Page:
CO2 emission drops 7 % globally due to Covid – IEA

The International Energy Agency (IEA) estimated that the global Covid-19 pandemic had made a “historic, unprecedented negative impact” on the world’s energy demand.

Gwangyang, South Korea 2020 | Photo by: JhayAy Vispo

Joining the latest edition of the International Chamber of Shipping (ICS) Leadership Insights, Director Mechthild Wörsdörfer of the International Energy Agency (IEA) estimated that the pandemic had reduced significantly demand for energy this year.

The IEA is an autonomous intergovernmental organization established in 1974 in the framework of the Organization for Economic Cooperation and Development after the 1973 oil crisis. Based in Paris, it works with over 30 governments of developed countries.

“On the energy sector, energy demand is likely to go down by 5% this year due to Covid-19,” the IEA director told the webinar moderated by ICS Chair Esben Paulsson and discussed the decarbonization of shipping in the post Covid-19 era.

More importantly due to its direct impact on shipping, Ms. Wörsdörfer said the global energy agency estimated that investments in the sector had also contracted.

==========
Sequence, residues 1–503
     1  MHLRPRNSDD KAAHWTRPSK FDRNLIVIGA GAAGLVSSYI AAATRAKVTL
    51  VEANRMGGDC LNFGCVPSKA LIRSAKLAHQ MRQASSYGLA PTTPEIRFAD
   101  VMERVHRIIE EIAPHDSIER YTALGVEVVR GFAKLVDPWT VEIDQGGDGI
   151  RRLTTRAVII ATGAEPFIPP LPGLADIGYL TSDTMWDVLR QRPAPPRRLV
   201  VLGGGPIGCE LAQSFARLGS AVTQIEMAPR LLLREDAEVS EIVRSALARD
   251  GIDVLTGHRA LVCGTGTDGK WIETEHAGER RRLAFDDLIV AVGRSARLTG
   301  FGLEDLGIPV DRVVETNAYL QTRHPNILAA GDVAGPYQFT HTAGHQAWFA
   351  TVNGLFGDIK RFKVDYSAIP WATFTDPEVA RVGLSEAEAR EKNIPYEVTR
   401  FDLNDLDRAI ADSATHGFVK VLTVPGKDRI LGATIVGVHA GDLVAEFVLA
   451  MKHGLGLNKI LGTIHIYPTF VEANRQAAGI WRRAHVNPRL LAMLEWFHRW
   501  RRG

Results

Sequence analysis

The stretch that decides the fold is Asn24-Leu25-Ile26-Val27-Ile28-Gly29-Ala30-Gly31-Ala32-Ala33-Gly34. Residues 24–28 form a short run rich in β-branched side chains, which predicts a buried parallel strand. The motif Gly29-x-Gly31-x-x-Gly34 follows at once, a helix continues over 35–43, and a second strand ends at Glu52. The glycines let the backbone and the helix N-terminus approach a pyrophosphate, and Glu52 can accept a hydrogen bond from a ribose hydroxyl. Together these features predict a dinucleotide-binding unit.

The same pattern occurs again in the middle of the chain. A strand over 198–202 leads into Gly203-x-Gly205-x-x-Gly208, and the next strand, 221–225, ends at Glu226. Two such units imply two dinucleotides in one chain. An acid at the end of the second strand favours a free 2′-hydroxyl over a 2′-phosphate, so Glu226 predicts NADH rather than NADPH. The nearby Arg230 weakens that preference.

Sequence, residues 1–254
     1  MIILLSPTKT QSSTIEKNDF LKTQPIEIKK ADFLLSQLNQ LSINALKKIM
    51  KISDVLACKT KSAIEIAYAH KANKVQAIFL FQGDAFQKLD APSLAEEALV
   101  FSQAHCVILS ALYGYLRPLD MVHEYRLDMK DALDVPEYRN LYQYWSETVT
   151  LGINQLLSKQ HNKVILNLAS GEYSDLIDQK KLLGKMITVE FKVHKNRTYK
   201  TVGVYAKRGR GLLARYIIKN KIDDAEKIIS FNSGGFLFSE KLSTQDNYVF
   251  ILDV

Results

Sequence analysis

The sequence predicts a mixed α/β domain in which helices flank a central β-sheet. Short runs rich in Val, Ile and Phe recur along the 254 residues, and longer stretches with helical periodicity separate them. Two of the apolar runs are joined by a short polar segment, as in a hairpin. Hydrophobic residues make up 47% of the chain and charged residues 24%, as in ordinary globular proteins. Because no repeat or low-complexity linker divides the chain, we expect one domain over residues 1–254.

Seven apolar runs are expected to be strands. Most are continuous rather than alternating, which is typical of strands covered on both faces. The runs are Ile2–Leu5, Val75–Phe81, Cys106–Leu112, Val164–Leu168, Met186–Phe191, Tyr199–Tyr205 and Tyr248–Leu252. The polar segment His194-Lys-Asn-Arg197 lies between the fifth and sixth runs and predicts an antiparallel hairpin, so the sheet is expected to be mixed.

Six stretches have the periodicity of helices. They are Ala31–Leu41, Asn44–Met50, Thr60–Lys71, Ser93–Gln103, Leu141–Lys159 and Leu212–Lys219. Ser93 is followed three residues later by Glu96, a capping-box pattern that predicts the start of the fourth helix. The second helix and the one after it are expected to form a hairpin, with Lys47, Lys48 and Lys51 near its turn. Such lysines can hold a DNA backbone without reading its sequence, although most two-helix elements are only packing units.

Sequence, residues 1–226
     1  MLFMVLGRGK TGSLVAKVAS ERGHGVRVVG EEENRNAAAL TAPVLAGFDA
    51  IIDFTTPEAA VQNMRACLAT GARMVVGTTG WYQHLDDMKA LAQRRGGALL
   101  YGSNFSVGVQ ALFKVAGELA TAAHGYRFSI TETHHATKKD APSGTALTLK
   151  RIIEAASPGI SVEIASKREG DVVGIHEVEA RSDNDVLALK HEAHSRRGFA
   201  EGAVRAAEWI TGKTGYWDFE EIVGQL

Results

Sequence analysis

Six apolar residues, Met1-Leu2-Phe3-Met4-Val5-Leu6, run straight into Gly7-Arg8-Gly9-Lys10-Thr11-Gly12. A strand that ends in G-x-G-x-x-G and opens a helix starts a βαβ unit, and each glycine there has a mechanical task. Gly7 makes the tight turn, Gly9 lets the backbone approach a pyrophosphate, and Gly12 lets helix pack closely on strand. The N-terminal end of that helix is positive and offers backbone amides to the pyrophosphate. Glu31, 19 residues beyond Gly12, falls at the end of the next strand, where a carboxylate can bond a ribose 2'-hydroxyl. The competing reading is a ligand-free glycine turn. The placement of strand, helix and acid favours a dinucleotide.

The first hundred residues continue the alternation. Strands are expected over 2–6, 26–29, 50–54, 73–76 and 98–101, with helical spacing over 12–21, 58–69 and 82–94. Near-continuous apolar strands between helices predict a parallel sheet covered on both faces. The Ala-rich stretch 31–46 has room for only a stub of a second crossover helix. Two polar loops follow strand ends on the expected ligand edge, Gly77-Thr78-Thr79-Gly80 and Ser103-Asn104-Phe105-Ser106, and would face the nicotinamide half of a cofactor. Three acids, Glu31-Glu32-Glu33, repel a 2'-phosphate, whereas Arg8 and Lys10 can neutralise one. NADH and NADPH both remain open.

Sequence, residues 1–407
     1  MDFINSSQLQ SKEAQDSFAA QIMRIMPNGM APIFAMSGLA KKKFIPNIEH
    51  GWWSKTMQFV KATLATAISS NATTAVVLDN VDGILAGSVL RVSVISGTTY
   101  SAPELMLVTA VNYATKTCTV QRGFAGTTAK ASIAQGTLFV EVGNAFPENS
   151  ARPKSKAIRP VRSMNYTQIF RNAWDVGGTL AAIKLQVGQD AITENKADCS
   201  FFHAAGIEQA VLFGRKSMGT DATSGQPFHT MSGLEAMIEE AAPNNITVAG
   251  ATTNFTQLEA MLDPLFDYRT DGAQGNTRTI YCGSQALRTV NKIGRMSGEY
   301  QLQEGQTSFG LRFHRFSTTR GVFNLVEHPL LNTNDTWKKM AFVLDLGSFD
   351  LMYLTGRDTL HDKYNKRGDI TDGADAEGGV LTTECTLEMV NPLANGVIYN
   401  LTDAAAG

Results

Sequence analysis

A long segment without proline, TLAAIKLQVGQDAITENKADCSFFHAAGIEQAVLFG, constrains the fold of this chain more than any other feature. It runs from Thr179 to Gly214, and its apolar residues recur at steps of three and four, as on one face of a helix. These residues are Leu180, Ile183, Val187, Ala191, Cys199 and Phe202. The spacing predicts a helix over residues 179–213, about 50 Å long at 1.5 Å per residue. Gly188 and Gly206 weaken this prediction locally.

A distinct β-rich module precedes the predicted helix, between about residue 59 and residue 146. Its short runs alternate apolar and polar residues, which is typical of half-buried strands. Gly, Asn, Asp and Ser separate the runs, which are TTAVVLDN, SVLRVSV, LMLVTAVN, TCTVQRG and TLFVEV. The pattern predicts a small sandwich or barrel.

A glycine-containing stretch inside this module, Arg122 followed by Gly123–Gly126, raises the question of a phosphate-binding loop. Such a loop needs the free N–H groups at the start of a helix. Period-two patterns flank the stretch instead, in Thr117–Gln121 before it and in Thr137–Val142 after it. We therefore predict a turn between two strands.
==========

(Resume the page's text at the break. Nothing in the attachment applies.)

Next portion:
“It doesn’t look so well for shipping; there’s a huge decline in investments in energy sector by about 20% this year,” she noted, but expressed hopes that investments especially in renewable energy sources will return in 2021.

Covid-19, however, has one positive result; it has lowered CO2 emissions globally by a significant 7 %, according to Ms. Wörsdörfer. Similarly, is expected that shipping, which accounted for about 2 % of CO2 emissions globally in 2019, would also drop in 2020.   

The IEA official, nonetheless, expected that this drop is only temporary. Ms. Wörsdörfer recalled that during the 2008-2009 financial crisis, there was also a decrease in CO2 emissions, but rebounded four times in 2010.

She also recognized the key role of the IMO in reducing CO2 emission worldwide and commended the recent agreement facilitated by its Marine Environment Protection Committee that would reduce by 40% carbon intensity across the global fleet by 2030.

That’s an important step towards 100% decarbonization after 2050.  “IMO would make this happen,” Ms. Wörsdörfer projected.

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